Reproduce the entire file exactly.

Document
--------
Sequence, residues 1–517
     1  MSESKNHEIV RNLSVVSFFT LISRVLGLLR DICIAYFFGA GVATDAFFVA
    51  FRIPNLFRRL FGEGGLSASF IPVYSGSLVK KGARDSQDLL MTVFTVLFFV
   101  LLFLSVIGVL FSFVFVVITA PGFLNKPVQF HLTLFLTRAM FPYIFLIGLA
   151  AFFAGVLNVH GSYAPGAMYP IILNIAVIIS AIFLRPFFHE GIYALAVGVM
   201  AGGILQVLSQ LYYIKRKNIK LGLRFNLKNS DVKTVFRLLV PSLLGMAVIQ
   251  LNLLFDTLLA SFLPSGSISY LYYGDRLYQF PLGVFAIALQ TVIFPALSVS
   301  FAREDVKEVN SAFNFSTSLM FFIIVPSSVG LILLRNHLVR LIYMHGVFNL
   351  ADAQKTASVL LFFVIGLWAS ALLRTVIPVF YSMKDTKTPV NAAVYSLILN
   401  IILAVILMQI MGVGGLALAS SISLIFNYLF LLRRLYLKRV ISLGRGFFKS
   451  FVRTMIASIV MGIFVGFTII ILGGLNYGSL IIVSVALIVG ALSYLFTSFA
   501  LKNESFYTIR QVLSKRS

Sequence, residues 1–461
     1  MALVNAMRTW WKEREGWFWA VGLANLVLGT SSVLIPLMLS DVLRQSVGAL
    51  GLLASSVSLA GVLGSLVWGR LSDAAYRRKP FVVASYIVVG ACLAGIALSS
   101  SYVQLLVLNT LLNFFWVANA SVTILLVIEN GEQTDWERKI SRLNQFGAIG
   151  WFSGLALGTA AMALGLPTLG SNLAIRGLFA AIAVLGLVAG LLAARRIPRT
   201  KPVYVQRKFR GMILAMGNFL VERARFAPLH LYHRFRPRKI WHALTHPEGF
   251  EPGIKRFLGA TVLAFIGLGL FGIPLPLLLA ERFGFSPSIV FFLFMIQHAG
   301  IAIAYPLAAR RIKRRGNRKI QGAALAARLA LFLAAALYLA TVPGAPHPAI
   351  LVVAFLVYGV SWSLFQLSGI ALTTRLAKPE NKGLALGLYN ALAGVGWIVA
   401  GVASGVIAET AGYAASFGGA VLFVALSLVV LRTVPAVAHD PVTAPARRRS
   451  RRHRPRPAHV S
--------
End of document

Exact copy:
Sequence, residues 1–517
     1  MSESKNHEIV RNLSVVSFFT LISRVLGLLR DICIAYFFGA GVATDAFFVA
    51  FRIPNLFRRL FGEGGLSASF IPVYSGSLVK KGARDSQDLL MTVFTVLFFV
   101  LLFLSVIGVL FSFVFVVITA PGFLNKPVQF HLTLFLTRAM FPYIFLIGLA
   151  AFFAGVLNVH GSYAPGAMYP IILNIAVIIS AIFLRPFFHE GIYALAVGVM
   201  AGGILQVLSQ LYYIKRKNIK LGLRFNLKNS DVKTVFRLLV PSLLGMAVIQ
   251  LNLLFDTLLA SFLPSGSISY LYYGDRLYQF PLGVFAIALQ TVIFPALSVS
   301  FAREDVKEVN SAFNFSTSLM FFIIVPSSVG LILLRNHLVR LIYMHGVFNL
   351  ADAQKTASVL LFFVIGLWAS ALLRTVIPVF YSMKDTKTPV NAAVYSLILN
   401  IILAVILMQI MGVGGLALAS SISLIFNYLF LLRRLYLKRV ISLGRGFFKS
   451  FVRTMIASIV MGIFVGFTII ILGGLNYGSL IIVSVALIVG ALSYLFTSFA
   501  LKNESFYTIR QVLSKRS

Sequence, residues 1–461
     1  MALVNAMRTW WKEREGWFWA VGLANLVLGT SSVLIPLMLS DVLRQSVGAL
    51  GLLASSVSLA GVLGSLVWGR LSDAAYRRKP FVVASYIVVG ACLAGIALSS
   101  SYVQLLVLNT LLNFFWVANA SVTILLVIEN GEQTDWERKI SRLNQFGAIG
   151  WFSGLALGTA AMALGLPTLG SNLAIRGLFA AIAVLGLVAG LLAARRIPRT
   201  KPVYVQRKFR GMILAMGNFL VERARFAPLH LYHRFRPRKI WHALTHPEGF
   251  EPGIKRFLGA TVLAFIGLGL FGIPLPLLLA ERFGFSPSIV FFLFMIQHAG
   301  IAIAYPLAAR RIKRRGNRKI QGAALAARLA LFLAAALYLA TVPGAPHPAI
   351  LVVAFLVYGV SWSLFQLSGI ALTTRLAKPE NKGLALGLYN ALAGVGWIVA
   401  GVASGVIAET AGYAASFGGA VLFVALSLVV LRTVPAVAHD PVTAPARRRS
   451  RRHRPRPAHV S